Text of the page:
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Voiced by an off-kilter chorus of the young and desperate to belong, Benjamin Nugent’s provocative collection pries the fraternity door off its hinges, daring us to peer inside with amusement, horror, and also love.
In a Massachusetts college town stands a dilapidated colonial: Delta Zeta Chi. Here, we meet Newton, the beloved chapter president; Oprah, the sensitive reader; Petey, the treasurer, loyal to a fault; Claire, the couch-surfing dropout who hopes to sell them drugs; and a girl known, for unexpected reasons, as God. Though the living room reeks of sweat and spilled beer, the brothers know that to be inside is everything.
Fraternity celebrates the debauched kinship of boys and girls straddling adolescence and adulthood: the drunken antics, solemn confessions, and romantic encounters that mark their first years away from home. Beneath each episode lies the dread of exclusion. The closeted Oprah’s hero worship gives way to real longing. A combat veteran offers advice on hazing. An alienated young woman searches for a sanctuary. And the shadow of assault hovers over every sexual encounter.
"Disarmingly lovely . . . Fraternities may be collegiate America's biggest shame, but Fraternity is a revelation."
—Bobby Finger, The New York Times Book Review
“Dark and daring . . . Funny and melancholy, while also provocative and unexpected, these stories decline to pigeonhole a secretive subculture often seen as monolithic—and they refuse to let it off the hook.”
—Adrienne Westenfeld, Esquire
“Nugent treats his frat boys with such interest and insight that they become—against all stereotypes—complex, even sympathetic. These characters’ bravado belies a desperate need to belong . . . Nugent’s prose is as sensitively crafted as his characters . . . To render Greek campus life as Nugent does, with empathy and heart, makes Fraternity a quietly significant achievement.”
—Andrew Ridker, Bookforum
“If university is where we finally grow up, what role does the college campus play in creating the adult American man? In these dark, witty, and sharply written stories, Benjamin Nugent takes an unflinching look at that strange tradition, the all-male fraternity, which, in his gifted hands, begins to look like a very strange and insidious social experiment. Take a boy, transform him into a ‘bro,’ and then release into the wild…”
—Zadie Smith, author of Grand Union
“A winning collection . . . [Fraternity] pulses with energy, Nugent commendably weaves humor and drama to shine an unflinching light on the young adults convening behind fraternity walls. One can almost smell the stale beer on the page.”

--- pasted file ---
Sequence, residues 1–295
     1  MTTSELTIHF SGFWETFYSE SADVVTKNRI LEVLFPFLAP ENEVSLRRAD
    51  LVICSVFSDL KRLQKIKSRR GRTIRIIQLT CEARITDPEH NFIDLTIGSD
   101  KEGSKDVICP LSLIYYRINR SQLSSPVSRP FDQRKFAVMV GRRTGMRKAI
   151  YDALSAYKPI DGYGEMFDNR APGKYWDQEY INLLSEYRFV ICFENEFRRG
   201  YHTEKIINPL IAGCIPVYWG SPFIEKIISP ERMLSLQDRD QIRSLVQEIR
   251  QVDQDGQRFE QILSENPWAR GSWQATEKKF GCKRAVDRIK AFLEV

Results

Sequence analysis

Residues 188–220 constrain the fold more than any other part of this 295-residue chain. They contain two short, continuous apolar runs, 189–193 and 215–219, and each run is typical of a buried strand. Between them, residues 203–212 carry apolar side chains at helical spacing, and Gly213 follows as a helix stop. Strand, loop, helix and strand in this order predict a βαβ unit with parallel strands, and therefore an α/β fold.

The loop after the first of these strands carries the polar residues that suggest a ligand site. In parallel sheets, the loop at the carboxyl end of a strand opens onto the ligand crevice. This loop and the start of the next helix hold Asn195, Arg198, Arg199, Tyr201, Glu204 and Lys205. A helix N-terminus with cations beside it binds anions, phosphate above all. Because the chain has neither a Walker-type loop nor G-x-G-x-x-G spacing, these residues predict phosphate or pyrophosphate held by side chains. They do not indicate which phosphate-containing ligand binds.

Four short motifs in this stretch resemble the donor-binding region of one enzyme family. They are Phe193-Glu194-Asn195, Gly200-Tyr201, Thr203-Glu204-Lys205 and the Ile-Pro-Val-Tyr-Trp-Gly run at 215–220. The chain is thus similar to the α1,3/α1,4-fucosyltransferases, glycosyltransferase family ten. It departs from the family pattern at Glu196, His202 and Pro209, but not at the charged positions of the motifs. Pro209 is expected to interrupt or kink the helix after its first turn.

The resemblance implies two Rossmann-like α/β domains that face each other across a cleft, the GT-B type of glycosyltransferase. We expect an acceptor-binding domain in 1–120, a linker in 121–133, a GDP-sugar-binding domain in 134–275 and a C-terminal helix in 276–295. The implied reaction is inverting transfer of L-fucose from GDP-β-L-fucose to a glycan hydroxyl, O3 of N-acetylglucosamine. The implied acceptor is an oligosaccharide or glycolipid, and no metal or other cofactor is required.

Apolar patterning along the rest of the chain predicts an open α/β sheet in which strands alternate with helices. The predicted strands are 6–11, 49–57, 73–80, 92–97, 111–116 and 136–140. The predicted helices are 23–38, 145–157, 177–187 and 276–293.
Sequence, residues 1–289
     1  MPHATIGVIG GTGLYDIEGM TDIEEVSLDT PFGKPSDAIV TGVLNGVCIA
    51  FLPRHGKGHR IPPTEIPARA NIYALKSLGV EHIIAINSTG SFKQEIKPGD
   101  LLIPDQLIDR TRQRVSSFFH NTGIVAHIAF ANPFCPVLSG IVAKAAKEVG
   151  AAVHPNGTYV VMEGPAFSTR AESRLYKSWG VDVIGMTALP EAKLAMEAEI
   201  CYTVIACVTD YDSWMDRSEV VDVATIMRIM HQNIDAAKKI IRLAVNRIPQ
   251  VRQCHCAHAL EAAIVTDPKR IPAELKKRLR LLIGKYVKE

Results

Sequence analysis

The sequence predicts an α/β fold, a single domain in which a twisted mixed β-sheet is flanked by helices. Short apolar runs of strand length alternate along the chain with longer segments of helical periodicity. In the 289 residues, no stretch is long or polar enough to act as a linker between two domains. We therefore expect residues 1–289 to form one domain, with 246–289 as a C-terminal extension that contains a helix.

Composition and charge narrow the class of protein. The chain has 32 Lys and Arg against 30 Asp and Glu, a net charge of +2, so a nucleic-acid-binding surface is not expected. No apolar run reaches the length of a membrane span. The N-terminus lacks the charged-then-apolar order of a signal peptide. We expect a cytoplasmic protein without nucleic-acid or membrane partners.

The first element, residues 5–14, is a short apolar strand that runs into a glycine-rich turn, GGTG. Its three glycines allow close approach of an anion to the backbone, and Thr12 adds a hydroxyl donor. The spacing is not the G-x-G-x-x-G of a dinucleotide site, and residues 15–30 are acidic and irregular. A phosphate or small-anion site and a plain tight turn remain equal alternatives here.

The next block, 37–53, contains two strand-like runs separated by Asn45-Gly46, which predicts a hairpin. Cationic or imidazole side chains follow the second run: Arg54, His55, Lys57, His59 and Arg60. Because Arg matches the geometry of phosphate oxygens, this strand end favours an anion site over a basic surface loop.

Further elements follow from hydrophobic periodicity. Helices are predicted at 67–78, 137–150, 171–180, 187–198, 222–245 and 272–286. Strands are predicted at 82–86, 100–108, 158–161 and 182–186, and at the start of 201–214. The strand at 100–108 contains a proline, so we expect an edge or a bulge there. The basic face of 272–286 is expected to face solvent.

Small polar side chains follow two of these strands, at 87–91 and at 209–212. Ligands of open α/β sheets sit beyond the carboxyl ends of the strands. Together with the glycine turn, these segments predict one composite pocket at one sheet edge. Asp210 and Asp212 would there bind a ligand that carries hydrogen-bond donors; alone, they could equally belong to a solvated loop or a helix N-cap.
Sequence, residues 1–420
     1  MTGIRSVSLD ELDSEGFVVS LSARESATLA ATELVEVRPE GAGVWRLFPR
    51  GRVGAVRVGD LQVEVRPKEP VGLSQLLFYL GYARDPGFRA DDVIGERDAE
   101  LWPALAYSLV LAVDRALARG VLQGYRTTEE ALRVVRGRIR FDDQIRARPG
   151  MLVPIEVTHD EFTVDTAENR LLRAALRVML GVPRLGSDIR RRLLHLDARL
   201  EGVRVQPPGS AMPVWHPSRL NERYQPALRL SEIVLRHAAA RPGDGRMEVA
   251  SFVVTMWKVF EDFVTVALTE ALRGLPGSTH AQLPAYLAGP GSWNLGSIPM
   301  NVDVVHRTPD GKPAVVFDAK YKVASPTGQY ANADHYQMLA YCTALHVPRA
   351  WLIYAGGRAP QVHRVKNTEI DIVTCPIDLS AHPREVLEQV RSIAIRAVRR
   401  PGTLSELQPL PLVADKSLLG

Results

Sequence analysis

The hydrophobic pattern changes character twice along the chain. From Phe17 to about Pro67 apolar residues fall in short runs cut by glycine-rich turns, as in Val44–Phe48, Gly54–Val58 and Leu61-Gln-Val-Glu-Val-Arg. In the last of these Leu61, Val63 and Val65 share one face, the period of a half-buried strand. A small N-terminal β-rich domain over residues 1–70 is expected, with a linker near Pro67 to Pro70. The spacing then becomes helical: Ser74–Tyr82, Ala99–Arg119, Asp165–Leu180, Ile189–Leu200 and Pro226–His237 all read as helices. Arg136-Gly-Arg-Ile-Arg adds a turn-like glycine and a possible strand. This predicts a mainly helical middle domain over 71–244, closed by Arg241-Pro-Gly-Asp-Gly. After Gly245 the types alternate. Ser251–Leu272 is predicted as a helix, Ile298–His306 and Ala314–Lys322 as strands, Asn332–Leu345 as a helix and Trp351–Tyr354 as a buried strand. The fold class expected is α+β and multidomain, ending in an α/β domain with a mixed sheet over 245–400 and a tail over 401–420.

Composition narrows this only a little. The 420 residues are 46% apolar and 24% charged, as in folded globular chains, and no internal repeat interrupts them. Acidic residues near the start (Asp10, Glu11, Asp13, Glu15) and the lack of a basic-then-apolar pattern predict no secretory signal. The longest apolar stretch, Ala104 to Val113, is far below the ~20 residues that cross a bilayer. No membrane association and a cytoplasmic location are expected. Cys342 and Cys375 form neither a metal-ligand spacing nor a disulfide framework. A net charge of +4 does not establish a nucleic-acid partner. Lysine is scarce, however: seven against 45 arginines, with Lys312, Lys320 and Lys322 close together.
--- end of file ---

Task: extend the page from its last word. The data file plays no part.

"The comedy in Fraternity, as befits its subject, is dark, uncomfortable, even disturbing . . . Nugent understands that satire is a means not only of exposing or ridiculing its subject, but of making [fraternity members], using the rules of their own skewed logic, understandable, even sympathetic . . . Nugent manages—the mark of the master satirist—to be simultaneously compassionate and ruthless. Splendid.."
—Kirkus (Starred Review)
“Reading Benjamin Nugent’s stories doesn’t resemble any other experience I can think of—the paragraphs of Fraternity pivot easily from mantra to gut punch to slapstick to heartbreak, sometimes swelling into tenderness so acute it makes me avert my eyes, it feels so private and human and true.”
—Leslie Jamison, author of The Recovering
“This striking, intimate book is not what it seems. Very funny, and ostensibly about Greek life, with its Kappas, Deltas, disgusting kitchens, and pregaming, it holds at its center a small bomb of realism. Here we have the terror of privileged young people facing uncertain financial futures who find themselves involved with other young people unsheltered by college and all its mythologies. Strangely—for a collection called Fraternity—it is the young women who shimmer in recollection.”
—Mona Simpson, author of Casebook
“A lovely sequence of stories, moving, dark, and funny.”
—Emma Cline, author of The Girls
“From the already legendary opening story, Fraternity only deepens on every front: humor, compassion, syntactical intensity, observational brilliance, and satirical vision. Benjamin Nugent has bided his time, and the wait was worth it. This moving, daring and frequently astonishing debut will be remembered—and emulated—for many years to come.”
—Sam Lipsyte, author of Hark and The Ask